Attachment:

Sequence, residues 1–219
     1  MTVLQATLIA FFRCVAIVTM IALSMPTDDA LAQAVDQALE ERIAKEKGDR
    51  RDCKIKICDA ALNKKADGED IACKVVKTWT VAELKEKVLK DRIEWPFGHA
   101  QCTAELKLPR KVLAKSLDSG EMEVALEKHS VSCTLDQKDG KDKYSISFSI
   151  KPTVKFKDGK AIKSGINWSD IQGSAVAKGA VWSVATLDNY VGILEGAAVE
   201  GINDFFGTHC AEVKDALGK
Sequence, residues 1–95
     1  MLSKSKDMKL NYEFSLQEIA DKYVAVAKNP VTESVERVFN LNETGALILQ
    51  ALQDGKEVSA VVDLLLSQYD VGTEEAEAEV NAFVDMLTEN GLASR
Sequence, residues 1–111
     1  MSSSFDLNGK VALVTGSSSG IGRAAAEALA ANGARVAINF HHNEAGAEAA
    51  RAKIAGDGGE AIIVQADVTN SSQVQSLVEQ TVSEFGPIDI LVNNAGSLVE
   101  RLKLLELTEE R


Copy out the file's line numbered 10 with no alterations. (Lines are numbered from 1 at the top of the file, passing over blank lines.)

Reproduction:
Sequence, residues 1–111